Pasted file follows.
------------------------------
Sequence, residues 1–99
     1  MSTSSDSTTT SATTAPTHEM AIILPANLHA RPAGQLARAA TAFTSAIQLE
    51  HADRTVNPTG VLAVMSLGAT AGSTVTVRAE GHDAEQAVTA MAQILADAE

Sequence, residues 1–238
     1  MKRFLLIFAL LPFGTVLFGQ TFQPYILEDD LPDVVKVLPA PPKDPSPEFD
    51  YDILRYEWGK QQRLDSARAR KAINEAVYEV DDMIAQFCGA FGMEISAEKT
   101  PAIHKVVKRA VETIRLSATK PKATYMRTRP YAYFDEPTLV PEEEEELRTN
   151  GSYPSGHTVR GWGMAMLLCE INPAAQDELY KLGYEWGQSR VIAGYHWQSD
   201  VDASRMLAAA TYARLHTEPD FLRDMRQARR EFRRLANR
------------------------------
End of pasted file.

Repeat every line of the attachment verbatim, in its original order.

Sequence, residues 1–99
     1  MSTSSDSTTT SATTAPTHEM AIILPANLHA RPAGQLARAA TAFTSAIQLE
    51  HADRTVNPTG VLAVMSLGAT AGSTVTVRAE GHDAEQAVTA MAQILADAE

Sequence, residues 1–238
     1  MKRFLLIFAL LPFGTVLFGQ TFQPYILEDD LPDVVKVLPA PPKDPSPEFD
    51  YDILRYEWGK QQRLDSARAR KAINEAVYEV DDMIAQFCGA FGMEISAEKT
   101  PAIHKVVKRA VETIRLSATK PKATYMRTRP YAYFDEPTLV PEEEEELRTN
   151  GSYPSGHTVR GWGMAMLLCE INPAAQDELY KLGYEWGQSR VIAGYHWQSD
   201  VDASRMLAAA TYARLHTEPD FLRDMRQARR EFRRLANR